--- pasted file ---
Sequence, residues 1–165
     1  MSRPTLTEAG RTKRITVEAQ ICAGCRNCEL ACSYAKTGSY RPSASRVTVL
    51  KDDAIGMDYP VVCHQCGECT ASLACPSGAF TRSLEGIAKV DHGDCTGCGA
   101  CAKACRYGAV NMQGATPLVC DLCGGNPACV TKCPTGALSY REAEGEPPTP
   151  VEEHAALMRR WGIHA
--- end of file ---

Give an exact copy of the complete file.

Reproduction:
Sequence, residues 1–165
     1  MSRPTLTEAG RTKRITVEAQ ICAGCRNCEL ACSYAKTGSY RPSASRVTVL
    51  KDDAIGMDYP VVCHQCGECT ASLACPSGAF TRSLEGIAKV DHGDCTGCGA
   101  CAKACRYGAV NMQGATPLVC DLCGGNPACV TKCPTGALSY REAEGEPPTP
   151  VEEHAALMRR WGIHA